Guest Author - Vance Rowe
Mary Mallon was born in Northern Ireland and immigrated to New York City in 1883 at the age of fifteen where she lived with her aunt and uncle for a while. She then later began to work as a cook for wealthy families. In a seven year period between 1900 and 1907, Mary Mallon worked for seven different families, seemingly exposing each family to the typhoid disease. During her first job, the family began to develop the symptoms of typhoid just two weeks after she began working for them. This pattern continued until one family hired George Soper to investigate the incident of a typhoid outbreak in their home. George Soper was a typhoid researcher and in his findings, he traced the outbreak to the cook, Mary Mallon. Mallon had started with the family three weeks before the typhoid outbreak occurred.
Soper had a hard time finding Mary because she left her jobs after the outbreaks began without leaving a forwarding address. When he finally did track her down, she refused to give him blood, urine and stool samples, claiming that she couldnít be the carrier because she was perfectly healthy. Admittedly, her hygiene habits were lacking and was able to spread the disease through uncooked food. In 1907, the New York City Health Department hired a doctor named Sara Josephine Baker to investigate and talk with Mary. When she still refused to comply, Baker had Mary Mallon taken into custody. She was quarantined at a hospital on North Brother Island for the next three years. During her quarantine, Mary was forced to give many blood, urine, and stool samples and it was found that she did in fact carry the typhoid bacteria in her gallbladder. The doctors offered to remove her gallbladder but Mallon refused to have the operation.
Mary Mallon had garnered so much media attention, that in 1908, she was dubbed Typhoid Mary in the Journal of the American Medical Association. She was again referred to as Typhoid Mary later on in another textbook that described the typhoid disease. Mary Mallon was the first recorded incident of someone being asymptomatic for typhoid in American history. This essentially means that she can the virus of and transmit a disease without feeling the effects of the disease or succumbing to them.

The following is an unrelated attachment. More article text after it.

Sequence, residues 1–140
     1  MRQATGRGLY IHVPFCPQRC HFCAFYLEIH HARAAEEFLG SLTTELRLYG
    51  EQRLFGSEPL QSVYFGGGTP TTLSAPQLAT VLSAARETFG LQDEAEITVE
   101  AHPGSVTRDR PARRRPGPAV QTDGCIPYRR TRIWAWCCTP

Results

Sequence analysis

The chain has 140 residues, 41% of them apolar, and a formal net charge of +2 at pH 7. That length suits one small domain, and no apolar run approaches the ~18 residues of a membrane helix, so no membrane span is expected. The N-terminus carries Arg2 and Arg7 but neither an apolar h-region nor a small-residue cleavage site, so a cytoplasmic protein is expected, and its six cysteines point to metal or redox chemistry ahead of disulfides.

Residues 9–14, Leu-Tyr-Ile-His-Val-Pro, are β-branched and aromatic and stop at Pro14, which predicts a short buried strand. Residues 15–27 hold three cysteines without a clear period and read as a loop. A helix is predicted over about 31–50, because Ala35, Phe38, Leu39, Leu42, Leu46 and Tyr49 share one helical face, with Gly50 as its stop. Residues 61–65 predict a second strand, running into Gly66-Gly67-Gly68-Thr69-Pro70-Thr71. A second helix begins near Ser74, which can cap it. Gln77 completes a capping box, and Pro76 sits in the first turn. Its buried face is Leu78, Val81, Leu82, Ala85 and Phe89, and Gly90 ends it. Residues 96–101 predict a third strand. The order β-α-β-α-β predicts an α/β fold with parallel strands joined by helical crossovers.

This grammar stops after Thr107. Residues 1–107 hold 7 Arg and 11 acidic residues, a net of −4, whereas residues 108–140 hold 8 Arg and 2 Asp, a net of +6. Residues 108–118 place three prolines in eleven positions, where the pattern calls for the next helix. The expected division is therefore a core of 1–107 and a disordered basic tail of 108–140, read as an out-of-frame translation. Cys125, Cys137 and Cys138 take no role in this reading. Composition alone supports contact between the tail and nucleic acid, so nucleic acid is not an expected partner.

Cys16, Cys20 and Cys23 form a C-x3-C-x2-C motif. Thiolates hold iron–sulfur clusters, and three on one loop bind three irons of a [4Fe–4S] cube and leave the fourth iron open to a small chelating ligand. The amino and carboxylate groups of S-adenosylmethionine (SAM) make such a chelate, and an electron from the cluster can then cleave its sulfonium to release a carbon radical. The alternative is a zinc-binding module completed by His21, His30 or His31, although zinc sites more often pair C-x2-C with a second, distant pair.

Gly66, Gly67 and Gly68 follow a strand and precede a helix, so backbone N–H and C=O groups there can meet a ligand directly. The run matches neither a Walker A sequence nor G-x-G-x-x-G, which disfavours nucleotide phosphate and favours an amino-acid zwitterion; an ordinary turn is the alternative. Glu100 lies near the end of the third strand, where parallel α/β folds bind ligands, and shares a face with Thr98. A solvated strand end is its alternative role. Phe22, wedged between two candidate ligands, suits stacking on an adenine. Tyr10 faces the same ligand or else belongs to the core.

Typhoid Mary was released from the clinic on North Brother Island in 1910 and she promised to get a different job other than cooking. She became a laundress but that job was too hard and paid so little so she changed her name to Mary Brown and sought out cooking jobs again. Wherever she cooked, the families still came down with typhoid and Soper was unable to find her because she changed jobs so frequently. Finally in 1915, she took a job as a cook and at the Sloane Hospital for Women in New York City and caused another outbreak with 25 people contracting the disease and two people died from it. Mary left the hospital and police were unable to find her until they staked out the house of a friend and arrested Mary as she was bringing food to her friend. She was again brought back to North Brother Island for quarantine and again refused to have the gallbladder operation so she remained in quarantine for the rest of her life at the hospital, almost 25 years.
Mary Mallon died at the age of 69 in 1938 due to complications from pneumonia. Six years prior to her death, Mary suffered a paralyzing stroke. An autopsy of her gallbladder revealed that she did have live typhoid bacteria in it. She was cremated and her ashes are buried at Saint Raymondís cemetery in the Bronx.